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PUBLIC HEALTH ASSESSMENT

LORING AIR FORCE BASE
LIMESTONE, AROOSTOOK COUNTY, MAINE


SUMMARY

The former Loring Air Force Base (LAFB) property is located in Aroostook County Maine, about two miles northwest of the town of Limestone, eight miles northeast of Caribou, and five miles west of the border of New Brunswick, Canada. The installation covers an area of approximately 9400 acres (14.6 square miles). LAFB closed on September 30, 1994, pursuant to the Defense Base Realignment and Closure Act of 1990 and recommendations of the Defense Base Realignment and Closure (BRAC) Commission. The Air Force Base Conversion Agency (AFBCA) is transferring all property; 58% of the property is being transferred to other federal agencies and 42% of the property to public organizations and non-federal (state and local) government agencies. AFBCA, in concert with the United States Environmental Protection Agency (USEPA) and the Maine Department of Environmental Protection (MEDEP), is coordinating remedial investigations and actions to comply with the Comprehensive Environmental Response, Compensation, and Liability Act (CERCLA) and state solid waste and underground storage tank (UST) requirements. These requirements are to ensure no hazards remain to adversely affect persons or the environment during subsequent use of the property.

Before the currently established environmental regulations, previously accepted hazardous material handling and disposal practices resulted in environmental contamination at various areas on base. As a result, LAFB was included on the USEPA's National Priorities List in February of 1990. The Air Force had conducted an initial assessment of potentially contaminated areas beginning in 1983 and identified a number of Installation Restoration Program (IRP) Sites. There are currently over 50 IRP sites on the Loring property, divided among 15 Operable Units (OUs). Installation-wide investigations and site restorations continue under this program, although much has already been accomplished.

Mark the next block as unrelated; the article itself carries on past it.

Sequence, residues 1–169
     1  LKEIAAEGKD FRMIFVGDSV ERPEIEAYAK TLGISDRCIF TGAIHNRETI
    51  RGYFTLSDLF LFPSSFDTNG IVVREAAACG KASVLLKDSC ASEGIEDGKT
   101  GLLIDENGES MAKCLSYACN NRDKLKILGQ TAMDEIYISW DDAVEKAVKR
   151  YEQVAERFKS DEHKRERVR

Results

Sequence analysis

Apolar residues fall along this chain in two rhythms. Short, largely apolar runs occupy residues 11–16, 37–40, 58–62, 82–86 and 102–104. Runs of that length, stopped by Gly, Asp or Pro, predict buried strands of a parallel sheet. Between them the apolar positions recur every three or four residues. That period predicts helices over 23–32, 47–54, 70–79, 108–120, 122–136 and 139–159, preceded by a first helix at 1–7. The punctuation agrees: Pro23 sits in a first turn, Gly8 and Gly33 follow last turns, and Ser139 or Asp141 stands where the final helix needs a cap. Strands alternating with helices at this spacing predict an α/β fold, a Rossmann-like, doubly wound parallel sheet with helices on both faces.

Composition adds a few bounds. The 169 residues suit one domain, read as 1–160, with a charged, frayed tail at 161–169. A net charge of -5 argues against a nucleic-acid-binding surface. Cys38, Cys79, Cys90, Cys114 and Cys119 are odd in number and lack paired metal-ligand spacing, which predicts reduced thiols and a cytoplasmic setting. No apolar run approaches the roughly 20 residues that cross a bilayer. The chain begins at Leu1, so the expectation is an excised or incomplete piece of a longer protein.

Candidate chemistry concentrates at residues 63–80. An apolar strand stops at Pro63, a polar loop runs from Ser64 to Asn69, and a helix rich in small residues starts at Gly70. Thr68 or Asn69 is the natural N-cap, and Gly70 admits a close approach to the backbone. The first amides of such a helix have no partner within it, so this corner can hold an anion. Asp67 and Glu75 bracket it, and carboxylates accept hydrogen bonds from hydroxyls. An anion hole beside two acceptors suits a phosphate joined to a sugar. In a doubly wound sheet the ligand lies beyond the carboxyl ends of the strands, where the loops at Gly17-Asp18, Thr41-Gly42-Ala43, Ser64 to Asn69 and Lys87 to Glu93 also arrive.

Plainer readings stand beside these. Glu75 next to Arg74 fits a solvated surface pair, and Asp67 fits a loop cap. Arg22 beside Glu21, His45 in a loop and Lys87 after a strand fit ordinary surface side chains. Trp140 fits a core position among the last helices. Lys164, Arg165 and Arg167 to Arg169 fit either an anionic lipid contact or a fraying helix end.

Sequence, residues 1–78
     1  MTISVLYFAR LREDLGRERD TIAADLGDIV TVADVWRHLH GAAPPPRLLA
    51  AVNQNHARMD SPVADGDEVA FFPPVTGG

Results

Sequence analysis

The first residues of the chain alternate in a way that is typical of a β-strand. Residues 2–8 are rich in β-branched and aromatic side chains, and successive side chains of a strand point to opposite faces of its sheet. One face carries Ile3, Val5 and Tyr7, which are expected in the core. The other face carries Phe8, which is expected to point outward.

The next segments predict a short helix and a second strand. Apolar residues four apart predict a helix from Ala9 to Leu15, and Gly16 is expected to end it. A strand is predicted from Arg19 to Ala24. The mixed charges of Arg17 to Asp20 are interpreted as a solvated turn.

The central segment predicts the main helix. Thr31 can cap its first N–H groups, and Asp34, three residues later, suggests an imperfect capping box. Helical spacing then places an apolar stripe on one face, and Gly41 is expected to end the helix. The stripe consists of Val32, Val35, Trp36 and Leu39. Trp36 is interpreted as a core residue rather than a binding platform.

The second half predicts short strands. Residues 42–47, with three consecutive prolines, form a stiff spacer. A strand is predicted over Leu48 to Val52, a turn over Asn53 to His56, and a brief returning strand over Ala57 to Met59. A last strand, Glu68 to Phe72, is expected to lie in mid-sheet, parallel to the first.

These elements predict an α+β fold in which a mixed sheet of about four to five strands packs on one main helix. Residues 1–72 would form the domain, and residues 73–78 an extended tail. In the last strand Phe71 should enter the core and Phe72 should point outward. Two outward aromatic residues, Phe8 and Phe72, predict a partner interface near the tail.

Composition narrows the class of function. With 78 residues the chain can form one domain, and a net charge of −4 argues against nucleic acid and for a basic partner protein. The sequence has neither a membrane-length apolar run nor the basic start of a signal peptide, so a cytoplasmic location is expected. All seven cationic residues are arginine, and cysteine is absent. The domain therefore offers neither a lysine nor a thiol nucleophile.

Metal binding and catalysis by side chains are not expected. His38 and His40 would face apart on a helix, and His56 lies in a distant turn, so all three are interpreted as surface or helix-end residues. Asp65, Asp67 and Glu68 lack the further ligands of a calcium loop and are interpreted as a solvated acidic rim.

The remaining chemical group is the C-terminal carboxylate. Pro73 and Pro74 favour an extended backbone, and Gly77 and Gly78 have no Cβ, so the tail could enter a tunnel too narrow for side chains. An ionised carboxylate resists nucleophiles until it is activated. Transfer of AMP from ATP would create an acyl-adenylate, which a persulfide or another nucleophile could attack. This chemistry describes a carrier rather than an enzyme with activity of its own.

The Agency for Toxic Substances and Disease Registry (ATSDR) evaluated the environmental information at IRP sites within the various OUs and assessed the potential for human exposure in each case. The IRP sites represent no current public health hazard. [Appendix A presents information on ATSDR public health assessment (PHA) hazard categories].

NO APPARENT PUBLIC HEALTH HAZARD

ATSDR concluded that three situations on the Loring installation pose no apparent public health hazard: 1) catching fish from area waters, 2) drinking water from area water wells, and 3) wading and swimming in on-site waterways.

Data available for fish fillets sampled from the Little Madawaska River and certain specific tributaries showed increased carcinogenic and noncarcinogenic risks from eating such fish. As a result the Maine Department of Human Services (MDHS), in consultation with the Air Force, MEDEP, and USEPA, issued a Fish Advisory in April of 1996 warning that no fish from these waters be eaten. This well publicized advisory remains in place to protect the public health.

Widespread, low-level contamination of groundwater on LAFB raised concerns that wells on base and perhaps off base might have become contaminated. However, use of most water wells on base was discontinued in 1960 when the newly completed Madawaska Reservoir water treatment facility was brought on line to supply LAFB's potable water needs. The few water wells that remained in use until base closing in September 1994 serviced small numbers of persons at isolated areas of the base where there was little groundwater contamination. The Madawaska Reservoir facility will continue to serve the needs of the Loring Commerce Centre (LCC). Deed stipulations will restrict construction of new wells by the new owners of transferred Loring parcels. Sampling of nearby off-base water wells at 13 private residences and businesses showed no base-derived contaminants. Periodic, long-term sampling of monitoring wells will guard against the possibility of future contamination of off-base, production, water wells.